We Love This Place: Let us count the ways

We Love This Place

Whether you arrived in Charlottesville by plane, train, or birth canal, or if you've been here just a few days, you know there are few places as rich in resources both natural and manmade. From the Blue Ridge Mountains and the Rivanna and James rivers to quaint coffeeshops and top-notch restaurants, from the ever-expanding shopping options to one of the country's premier public universities, and to a music scene rich in local and internationally known acts, we live in a place brimming with energy, activity and opportunity. How'd you end up in Charlottesville, and what keeps you here? We asked our fellow residents, and their answers make it clear: We all love this place.

J. Tayloe Emery
C-VILLE Weekly's first ad rep

When I moved to Charlottesville for the first time in 1994, I'd been out of college for two years and had been living in Seattle. When I decided to move back east, Charlottesville seemed like the only place cool enough to go that had anything going on. I remember walking down the Mall and seeing Andrew Vaughn's coffee cart in front of Chaps and thinking, "Well, that didn't take long," because in Seattle at that time there were coffee carts all over the place.

My first day in town I walked into Bill Chapman's office at C-VILLE, the free bi-weekly newspaper that was being produced in the basement of the Jefferson Theater. Bill told me that they were going weekly and asked did I want a job. I fancied myself a writer at the time but Bill told me there wouldn't be any writing jobs as they'd hired Avery Chenoweth as their first staff writer. But there was an ad sales position open.

The ad guy, Bill said, would be the only one making money right away, and I'd be the wealthiest guy in town in no time. I took the job, and in the first month my paycheck was twice everybody else's. The paper's move to a weekly format was very popular, and soon I was pulling in these huge commissions. One night while patting Bill on the back down at Miller's thanking him for being so right and hooking me up so well, he told me, "You're making too much money. We're hiring another ad rep and splitting up the town between the both of you."

But by that time I really didn't care. I was making a decent wage and having so much fun staying out all night with friends and clients and sometimes sneaking into the office at 3am and sleeping on the sofa there in my suit and tie so I'd be the first one there in the morning. I met Peter Griesar who became a lifelong friend on one of those Miller's all-night benders and found what I had been looking for in a city.

Good people.

One of those nights I broke into the C-VILLE office at about 4am to pass out on the sofa and editor Hawes Spencer was already there, fast asleep. It was an incredible time to be living in C'ville, and I miss it. I've since left and moved back several times– my wife was born here– but, like they say, once you're hooked on Charlottesville, it never leaves you. I've always felt like this is my town. It's funny because everyone feels that way, I think. When a city is cool and livable like C'ville, people feel very possessive about it. It's the same thing in Portland, Oregon.

Janis Jaquith

Even now, I wonder: How did someone like me end up in a hot-air balloon?

When I sit down on a park bench, I find myself unconsciously feeling around for the seatbelt. I would have been happy to make my kids wear helmets while playing on the monkeybars.

But there I was, hanging in the air, with nothing but a cloth bag and hot air to save me from a splattering death.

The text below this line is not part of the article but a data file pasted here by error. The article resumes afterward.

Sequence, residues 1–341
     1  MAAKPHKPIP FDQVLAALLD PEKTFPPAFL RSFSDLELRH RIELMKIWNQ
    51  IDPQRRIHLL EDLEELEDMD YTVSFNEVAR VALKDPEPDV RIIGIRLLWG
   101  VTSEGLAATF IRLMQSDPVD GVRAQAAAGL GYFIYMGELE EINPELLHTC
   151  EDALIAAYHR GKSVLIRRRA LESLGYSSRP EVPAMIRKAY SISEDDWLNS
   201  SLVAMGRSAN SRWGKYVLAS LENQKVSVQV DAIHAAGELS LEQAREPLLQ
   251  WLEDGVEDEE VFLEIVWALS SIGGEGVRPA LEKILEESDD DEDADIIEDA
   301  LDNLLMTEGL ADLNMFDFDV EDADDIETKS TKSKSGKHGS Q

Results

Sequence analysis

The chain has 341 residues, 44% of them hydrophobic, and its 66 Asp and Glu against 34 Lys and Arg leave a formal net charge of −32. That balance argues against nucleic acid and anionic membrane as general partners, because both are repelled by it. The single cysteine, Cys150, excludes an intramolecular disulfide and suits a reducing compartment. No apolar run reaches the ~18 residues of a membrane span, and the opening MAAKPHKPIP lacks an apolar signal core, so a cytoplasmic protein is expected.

My husband and I had driven from our home in suburban Maryland and dropped our kids off at camp in Virginia.  We were – for the first time – on vacation without children.  Feeling giddy and footloose, we headed for a hotel in Charlottesville.

When we checked in, the clerk mentioned that balloon rides were available, right there, on the hotel lawn. All we had to do was get up way early, and pay them a whole lot of money. I tried to picture myself doing this – hanging in the air. No seat belt, no helmet, no airbag.

No way.

Although, without kids, there was no need to be a model of restraint. No need to behave like anyone's mother. I could rediscover my authentic self, the brave one who takes chances.

Well, not big chances.  I've never jumped out of an airplane or anything.  I suppose the only risky thing I've done is to date Harry for a mere six months before I married him.  Not exactly hair-raising behavior.

Okay, so I've never been one to take chances. But I was ready.

I hardly slept the night before.  I lay there worrying that, one, the balloon would crash-land and I would die, and two, that I would oversleep and miss the balloon ride.

The next morning, before the sun was up, we found ourselves climbing into what looked like an enormous wicker picnic hamper.  A fat flame blasted up inside the balloon and the ground fell away.  We rose up and met the sun.

There was this odd sense of stillness – and no wind.  It felt like we were stationary and the scenery was being rolled along beneath us, like a special effect in a movie.

The Blue Ridge Mountains were no longer a two-dimensional prop against the horizon – they were this bulky mass, changing shape as we rose higher.  Slowly, silently we glided above trees and fields and houses, blurring the line between real and dreaming.
What would my kids think?  Mum, the safety chief, sailing through the air in a basket, without so much as a shin guard – and loving it.

Afterward, over cups of strong coffee, Harry said, "What do you want to do today?"
The balloon ride had opened up a new boldness in me, and my response changed our lives.  That afternoon, we didn't tour Monticello, and we didn't stroll along the Lawn at UVa.  

Instead, we saw a real estate agent who showed us a piece of land.  And we bought it.

We moved our family from suburban Maryland to the foothills of the Blue Ridge Mountains of Virginia – a happy, irrational decision made while gliding over the treetops in a basket.

That was 23 years ago. This morning, I looked up and saw a hot-air balloon suspended in the air over my head. I like to think that there was someone in that basket having a thrill for the first time in a long while, and wondering what else she might be missing.

Patricia Taylor
Central Region Director, Virginia Autism Project